#relationshipscams | #dating | Twitter accounts that aggregate subreddits are the better than Reddit


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  • With thousands of subreddits and users, Reddit is known as a somewhat toxic place online.
  • Twitter accounts that aggregate the best posts of specific subreddits are becoming more popular, and I can’t get enough of them.
  • These accounts eliminate the need to sift through possible racist, sexist, and homophobic posts, offering an easy way to enjoy the bright spots of Reddit.
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The social media website Reddit is made up of thousands of different forums, called “subreddits,” devoted to different topics.

Like any online community that reaches a certain thresh hold of users, space is liable to becoming toxic. Reddit bills itself as “the front page of the Internet,” so, unfortunately, it comes with all the problems that plague the rest of the Internet, including racism, misogyny, homophobia, and other things generally upsetting.

Outlets like The Atlantic and Jezebel have reported on how toxic Reddit can be for women, and this applies to just about every marginalized group. The website has a history of deeply offensive subreddits, many of which have been banned, like “FatPeopleHate,” premised on being hateful towards people over their appearance, or “Creepshots,” where (usually male) users post sexualized images of women without their consent.

Reddit has tried to be vigilant and update its anti-harassment rules, although this hasn’t totally eliminated the problem. Even though these specific subreddits were shut down, people who frequented them can still post in other threads, and sexist, racist, homophobic attitudes pop up in other subreddits all the time in my experience.

These kinds of posts can make Reddit basically inaccessible for many people who don’t want to face posts that dehumanize them. For survivors of sexual violence, for example, the violent words and imagery can be triggering, and finding fun posts on Reddit is not worth the potential risk of seeing something terrible.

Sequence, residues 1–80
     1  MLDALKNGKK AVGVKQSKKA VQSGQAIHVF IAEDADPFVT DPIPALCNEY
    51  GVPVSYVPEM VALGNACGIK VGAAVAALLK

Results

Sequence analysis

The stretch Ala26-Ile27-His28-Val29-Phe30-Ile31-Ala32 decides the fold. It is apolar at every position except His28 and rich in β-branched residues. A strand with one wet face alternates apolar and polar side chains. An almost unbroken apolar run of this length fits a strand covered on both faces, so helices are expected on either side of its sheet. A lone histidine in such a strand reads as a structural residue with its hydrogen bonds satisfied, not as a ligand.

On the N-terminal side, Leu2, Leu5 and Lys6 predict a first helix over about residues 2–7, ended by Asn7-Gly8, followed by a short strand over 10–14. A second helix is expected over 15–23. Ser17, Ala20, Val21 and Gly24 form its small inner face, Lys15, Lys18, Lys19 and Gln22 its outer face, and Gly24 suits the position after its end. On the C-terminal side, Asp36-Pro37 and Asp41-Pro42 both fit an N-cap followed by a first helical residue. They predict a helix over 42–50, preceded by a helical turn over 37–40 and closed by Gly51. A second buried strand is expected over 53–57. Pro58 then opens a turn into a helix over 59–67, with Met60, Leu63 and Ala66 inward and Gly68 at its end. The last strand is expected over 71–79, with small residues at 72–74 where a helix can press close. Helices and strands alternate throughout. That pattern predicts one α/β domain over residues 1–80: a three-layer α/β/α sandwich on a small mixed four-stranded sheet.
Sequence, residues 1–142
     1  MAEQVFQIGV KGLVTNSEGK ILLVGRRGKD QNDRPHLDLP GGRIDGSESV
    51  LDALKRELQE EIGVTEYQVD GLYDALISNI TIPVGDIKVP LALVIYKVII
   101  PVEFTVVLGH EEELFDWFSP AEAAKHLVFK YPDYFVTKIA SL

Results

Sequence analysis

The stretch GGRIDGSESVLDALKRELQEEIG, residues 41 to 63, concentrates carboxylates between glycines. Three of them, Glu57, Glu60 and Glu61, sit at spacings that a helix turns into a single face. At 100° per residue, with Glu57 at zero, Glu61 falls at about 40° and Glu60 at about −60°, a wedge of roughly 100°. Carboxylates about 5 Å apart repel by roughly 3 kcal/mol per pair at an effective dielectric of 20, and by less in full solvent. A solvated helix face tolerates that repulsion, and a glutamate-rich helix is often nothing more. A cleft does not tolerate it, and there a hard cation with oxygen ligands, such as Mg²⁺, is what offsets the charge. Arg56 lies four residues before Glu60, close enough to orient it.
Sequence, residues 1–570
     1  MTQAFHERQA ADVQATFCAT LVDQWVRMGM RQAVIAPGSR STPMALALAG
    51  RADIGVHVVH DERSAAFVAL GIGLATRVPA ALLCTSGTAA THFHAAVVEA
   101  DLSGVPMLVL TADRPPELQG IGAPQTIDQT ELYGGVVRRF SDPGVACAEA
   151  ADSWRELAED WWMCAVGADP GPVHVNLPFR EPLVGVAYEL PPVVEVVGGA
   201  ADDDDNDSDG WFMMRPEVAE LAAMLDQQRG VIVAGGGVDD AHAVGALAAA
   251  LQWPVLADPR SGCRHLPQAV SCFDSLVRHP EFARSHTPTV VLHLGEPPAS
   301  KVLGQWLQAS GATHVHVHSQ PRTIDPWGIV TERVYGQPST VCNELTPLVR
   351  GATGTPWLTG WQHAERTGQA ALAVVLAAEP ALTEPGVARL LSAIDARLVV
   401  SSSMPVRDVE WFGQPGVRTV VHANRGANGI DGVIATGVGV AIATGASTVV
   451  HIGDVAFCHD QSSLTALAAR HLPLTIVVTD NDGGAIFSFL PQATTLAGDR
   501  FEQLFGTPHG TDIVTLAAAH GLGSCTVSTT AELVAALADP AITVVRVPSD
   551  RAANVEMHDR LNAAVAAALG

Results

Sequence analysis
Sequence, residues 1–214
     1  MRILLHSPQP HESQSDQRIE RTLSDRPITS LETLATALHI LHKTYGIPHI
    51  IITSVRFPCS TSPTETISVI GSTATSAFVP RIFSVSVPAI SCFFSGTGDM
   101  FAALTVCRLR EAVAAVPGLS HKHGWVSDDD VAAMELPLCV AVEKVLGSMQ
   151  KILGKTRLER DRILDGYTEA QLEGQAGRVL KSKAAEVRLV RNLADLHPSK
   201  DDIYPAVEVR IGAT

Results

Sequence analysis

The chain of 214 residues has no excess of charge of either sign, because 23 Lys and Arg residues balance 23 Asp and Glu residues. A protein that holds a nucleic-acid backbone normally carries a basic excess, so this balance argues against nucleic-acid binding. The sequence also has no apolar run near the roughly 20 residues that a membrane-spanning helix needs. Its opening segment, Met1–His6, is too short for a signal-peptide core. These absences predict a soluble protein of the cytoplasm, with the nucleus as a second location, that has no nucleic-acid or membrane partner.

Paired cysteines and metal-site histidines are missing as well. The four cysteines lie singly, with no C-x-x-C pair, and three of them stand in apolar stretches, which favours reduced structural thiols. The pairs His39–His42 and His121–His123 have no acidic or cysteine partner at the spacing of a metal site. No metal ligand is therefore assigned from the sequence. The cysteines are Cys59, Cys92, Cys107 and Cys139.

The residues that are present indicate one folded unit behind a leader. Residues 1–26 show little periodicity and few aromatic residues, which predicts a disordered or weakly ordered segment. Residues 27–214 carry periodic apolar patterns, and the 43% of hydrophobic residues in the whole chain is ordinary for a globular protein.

Subreddits exist for nearly every topic you can think of. Some are dedicated to posters asking for advice from the wider Reddit community on a variety of topics. On r/relationships, people post asking for advice on friendships, family, and romantic relationships.

R/AITA, which stands for Am I the A–hole, is a place for users to lay out a sometimes one-sided scenario, and hopefully get validation that they were not, in fact, the jerk in the situation. The legal advice subreddit is, as you’d expect, a place for people to ask for answers to their legal questions from members who don’t always claim to be legal experts.

Some of the posts on these subreddits can be genuinely hilarious, the kind of thing you send in all your group chats. The problem comes in when you have to wade through sad, offensive, or just annoying posts to get to the good stuff. For every funny but benign relationship post, there are a few that have been upvoted to the top of the page that seem too outlandish to be real or have genuinely upsetting details that only a professional would be qualified to comment on.

Well, what if there was a way to get a curated feed of only the best posts on these and your other favorite subreddits?

Enter: Twitter.

Each of these subreddits has Twitter accounts that almost exclusively tweet posts from the forums. But these aren’t bots, uncritically reposting everything. Instead, the people running these accounts handpick the best of the best. It’s not a perfect system — someone still has to read through the whole subreddit to find the posts worth sharing but it saves most of us from reading through depressing post after depressing post. 



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